The first act began a few days ago when some online military buffs posted images of a new stealth aircraft, tested on the very day Robert Gates, US defence secretary, was in Beijing to discuss, well, military cooperation. The test surprised a lot of people — including, apparently, Mr Hu himself. The underlying message, however, should not. Powerful political constituencies within the People’s Republic not only see the US-China relationship as adversarial, but have developed the capacity to challenge US military power in East Asia and beyond. In recent years we have seen the People’s Liberation Army (PLA) deploy a submarine fleet that can counter the US Navy’s surface combatants, develop missiles that can destroy aircraft carriers and satellites, and now test next-generation fighter aircraft.

No, it is extremely unlikely that the United States and China will get into a war — hot or cold — in the near future, but China is attempting to shape a military balance that will give it greater leverage over Japan, South Korea and their primary protector, the United States. At the same time, Vietnam, Australia, Indonesia and India will either feel awed, more insecure or both. North Korea, Pakistan, Myanmar and Iran will be emboldened. Like the slow, initial act of traditional Japanese theatre, this sets the stage for the remaining acts of the unfolding drama. There are four more acts in this East Asian kabuki. [Business Standard]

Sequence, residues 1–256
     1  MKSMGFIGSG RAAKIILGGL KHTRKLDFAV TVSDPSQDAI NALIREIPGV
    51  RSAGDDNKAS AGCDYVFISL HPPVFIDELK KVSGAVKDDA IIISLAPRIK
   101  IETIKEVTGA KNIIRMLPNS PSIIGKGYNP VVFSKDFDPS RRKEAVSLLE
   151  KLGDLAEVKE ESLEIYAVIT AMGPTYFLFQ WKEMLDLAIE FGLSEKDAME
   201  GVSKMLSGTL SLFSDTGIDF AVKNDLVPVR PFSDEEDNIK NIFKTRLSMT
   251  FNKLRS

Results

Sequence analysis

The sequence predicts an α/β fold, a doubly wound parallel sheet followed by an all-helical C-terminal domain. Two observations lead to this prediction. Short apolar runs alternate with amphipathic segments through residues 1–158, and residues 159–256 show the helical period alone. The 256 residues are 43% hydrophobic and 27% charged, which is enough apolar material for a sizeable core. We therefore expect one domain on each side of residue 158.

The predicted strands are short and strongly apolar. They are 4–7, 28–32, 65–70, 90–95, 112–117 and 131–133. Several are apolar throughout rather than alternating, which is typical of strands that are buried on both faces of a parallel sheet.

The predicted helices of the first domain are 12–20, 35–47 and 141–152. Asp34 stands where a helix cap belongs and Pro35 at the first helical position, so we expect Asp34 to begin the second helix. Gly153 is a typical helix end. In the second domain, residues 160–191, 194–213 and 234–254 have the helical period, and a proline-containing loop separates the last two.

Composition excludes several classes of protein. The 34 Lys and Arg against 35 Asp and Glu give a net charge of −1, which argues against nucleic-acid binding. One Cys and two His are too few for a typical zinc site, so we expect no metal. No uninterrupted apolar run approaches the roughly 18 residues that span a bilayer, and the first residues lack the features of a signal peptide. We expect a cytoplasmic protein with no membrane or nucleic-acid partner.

What are they smoking in the Pentagon?

The things Mullen & Petraeus will believe

Bob Woodward’s book casts the top uniformed leadership of the US armed forces in very poor light. Going by this report in the New York Times today, you’ll have to agree that Mr Woodward was not far off the mark.

Consider these two consecutive sentences:

For now, there are no signs that Cold Start is more than a theory, and analysts say there is no significant shift of new troops or equipment to the border.

But American military officials and diplomats worry that even the existence of the strategy in any form could encourage Pakistan to make rapid improvements in its nuclear arsenal. [NYT]

Admiral Mullen and General Petraeus (and their civilian colleague, Richard Holbrooke) want to warn the Indian government against committing thoughtcrime. They offer the incredible argument that the very notion that India will respond to Pakistani terrorism with a military attack scares the Pakistani army and hence must not even be thought of.

These gentlemen can’t be serious.